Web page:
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Prepared by Milton J. Rankin
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Visitor Number Since 10 June 2001

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Table of Contents

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Ames, Andrews, Baker, Bance, Brown, Buckley, Butler, Caswell, Chaffee, Chambers, Crossman, Davidson, Dawes, Day, Dolbier, Doty, Drayton, Durand, Eggers, Ellis, Fairbanks, Fee, Felch, Force, Garrigus, Gates, Gedney, Goodwin, Harrison, Hart, Hobson, Hopping, Horning, Jewett, Kinney, Lee, Marshall, Martin, Meeker, Meslar, Miller, Morris, Muddell, Parks, Paulmier, Price, Rankin, Reeve, Roll, Rousse, Rutan, Shipman, Smith, Spooner, Weeden, Weisenstein, Wesp, Whitehead, Whittlesey, Williams, Wilson, Wright, Young

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This work includes some of the descendants of Edward Shipman of Saybrook, Connecticut. He came with other settlers of English origin and settled in the new colony at Saybrook in 1639. He amassed considerable land holdings in the area and lived there until his death in 1697.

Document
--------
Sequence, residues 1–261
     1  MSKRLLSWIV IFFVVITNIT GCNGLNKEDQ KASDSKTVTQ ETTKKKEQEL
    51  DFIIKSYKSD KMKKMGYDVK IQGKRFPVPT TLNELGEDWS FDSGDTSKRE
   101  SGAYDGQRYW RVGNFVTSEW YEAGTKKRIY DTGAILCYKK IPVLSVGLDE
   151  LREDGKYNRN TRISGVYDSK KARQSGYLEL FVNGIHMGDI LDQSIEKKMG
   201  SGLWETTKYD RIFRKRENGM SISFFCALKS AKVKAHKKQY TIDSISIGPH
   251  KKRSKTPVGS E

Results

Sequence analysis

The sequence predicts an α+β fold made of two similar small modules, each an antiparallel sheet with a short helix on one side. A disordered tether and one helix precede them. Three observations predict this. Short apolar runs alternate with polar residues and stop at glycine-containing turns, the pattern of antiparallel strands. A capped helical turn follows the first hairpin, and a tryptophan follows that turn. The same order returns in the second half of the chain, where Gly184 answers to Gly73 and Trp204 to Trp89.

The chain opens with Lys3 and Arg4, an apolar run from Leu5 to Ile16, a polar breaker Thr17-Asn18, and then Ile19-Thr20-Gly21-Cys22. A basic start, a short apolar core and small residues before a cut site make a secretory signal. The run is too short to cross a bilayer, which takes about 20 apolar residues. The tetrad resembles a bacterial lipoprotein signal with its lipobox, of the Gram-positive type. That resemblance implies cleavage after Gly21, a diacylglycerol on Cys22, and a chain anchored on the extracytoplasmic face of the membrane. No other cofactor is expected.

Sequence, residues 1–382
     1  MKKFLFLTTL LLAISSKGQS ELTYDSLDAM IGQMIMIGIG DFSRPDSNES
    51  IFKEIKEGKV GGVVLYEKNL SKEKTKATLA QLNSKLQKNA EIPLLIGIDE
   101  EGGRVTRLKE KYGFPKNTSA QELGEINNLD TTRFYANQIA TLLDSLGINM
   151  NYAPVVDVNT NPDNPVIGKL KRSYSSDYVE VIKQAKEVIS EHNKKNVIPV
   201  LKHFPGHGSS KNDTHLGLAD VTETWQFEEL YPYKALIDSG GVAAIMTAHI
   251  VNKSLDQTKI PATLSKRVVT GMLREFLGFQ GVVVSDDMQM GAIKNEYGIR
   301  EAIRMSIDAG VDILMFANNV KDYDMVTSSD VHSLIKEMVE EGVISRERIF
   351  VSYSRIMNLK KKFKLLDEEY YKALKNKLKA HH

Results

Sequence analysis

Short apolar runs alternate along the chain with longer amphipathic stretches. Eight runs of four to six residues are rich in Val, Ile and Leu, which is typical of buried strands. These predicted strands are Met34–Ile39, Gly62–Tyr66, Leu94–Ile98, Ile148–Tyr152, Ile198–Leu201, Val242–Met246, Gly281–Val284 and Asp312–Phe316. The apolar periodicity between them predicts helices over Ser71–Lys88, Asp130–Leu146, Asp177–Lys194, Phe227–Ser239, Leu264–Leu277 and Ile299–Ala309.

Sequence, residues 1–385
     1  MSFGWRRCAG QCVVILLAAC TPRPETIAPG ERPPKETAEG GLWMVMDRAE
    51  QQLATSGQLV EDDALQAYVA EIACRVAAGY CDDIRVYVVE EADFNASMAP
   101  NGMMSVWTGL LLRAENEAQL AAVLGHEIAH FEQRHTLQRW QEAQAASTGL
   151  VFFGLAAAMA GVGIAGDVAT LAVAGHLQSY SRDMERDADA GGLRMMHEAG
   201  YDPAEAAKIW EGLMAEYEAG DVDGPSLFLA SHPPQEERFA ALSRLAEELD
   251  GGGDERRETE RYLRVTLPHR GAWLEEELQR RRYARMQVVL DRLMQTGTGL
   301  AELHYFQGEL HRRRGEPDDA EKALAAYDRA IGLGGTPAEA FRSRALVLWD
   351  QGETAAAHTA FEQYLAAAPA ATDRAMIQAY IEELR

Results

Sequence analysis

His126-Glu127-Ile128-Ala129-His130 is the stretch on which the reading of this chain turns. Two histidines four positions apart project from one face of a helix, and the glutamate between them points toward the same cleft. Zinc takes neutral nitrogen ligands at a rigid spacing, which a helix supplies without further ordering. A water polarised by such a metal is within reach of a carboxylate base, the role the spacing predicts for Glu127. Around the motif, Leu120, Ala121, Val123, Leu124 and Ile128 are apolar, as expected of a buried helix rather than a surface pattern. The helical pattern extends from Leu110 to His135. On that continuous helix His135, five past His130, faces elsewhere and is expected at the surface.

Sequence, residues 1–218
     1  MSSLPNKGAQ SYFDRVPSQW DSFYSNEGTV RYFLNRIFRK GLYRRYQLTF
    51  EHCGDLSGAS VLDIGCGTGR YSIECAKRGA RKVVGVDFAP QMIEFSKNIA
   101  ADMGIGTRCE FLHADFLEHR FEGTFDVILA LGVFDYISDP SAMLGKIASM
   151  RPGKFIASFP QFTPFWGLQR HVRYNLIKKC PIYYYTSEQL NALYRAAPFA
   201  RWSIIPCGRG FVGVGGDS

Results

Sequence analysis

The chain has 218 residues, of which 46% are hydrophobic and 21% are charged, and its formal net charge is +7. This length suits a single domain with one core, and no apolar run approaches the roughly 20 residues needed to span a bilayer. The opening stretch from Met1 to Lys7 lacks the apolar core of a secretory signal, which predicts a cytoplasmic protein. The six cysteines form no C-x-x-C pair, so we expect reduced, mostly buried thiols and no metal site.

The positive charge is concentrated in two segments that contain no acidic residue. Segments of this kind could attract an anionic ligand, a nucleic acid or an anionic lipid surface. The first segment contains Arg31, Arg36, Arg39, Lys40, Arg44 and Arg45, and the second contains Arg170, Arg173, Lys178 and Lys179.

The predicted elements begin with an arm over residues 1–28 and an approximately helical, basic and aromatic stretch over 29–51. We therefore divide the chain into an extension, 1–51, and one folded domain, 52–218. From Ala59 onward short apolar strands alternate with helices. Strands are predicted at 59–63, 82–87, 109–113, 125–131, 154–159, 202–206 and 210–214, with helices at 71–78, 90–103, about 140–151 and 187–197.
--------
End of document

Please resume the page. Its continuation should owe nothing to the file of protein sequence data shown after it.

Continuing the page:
Three of Edward Shipman's grandsons removed to New Jersey shortly before 1720. Benjamin Shipman (1693-1762), son of William, settled in what is now Morris County and lived there for the remainder of his life. Benjamin left few, if any, descendants bearing the Shipman name in New Jersey. Brothers Jonathan (1689-1762) and David (1692-1780), sons of John Shipman, settled in Essex County about 1718. Although evidence is inconclusive, I believe that most of Jonathan's descendants migrated to Virginia and that the bulk of the Shipmans of English origin who lived in New Jersey for nearly three centuries are descended from David.

The loss of many New Jersey records during the Revolutionary War have made it difficult to positively identify the children of Jonathan and David Shipman. It has been necessary to attempt to determine family makeup from scanty evidence. I would caution everyone regarding the connections between Jonathan and David Shipman and their grandchildren that are presented in this work. I would appreciate hearing from anyone possessing information that is not in agreement with my presentation.

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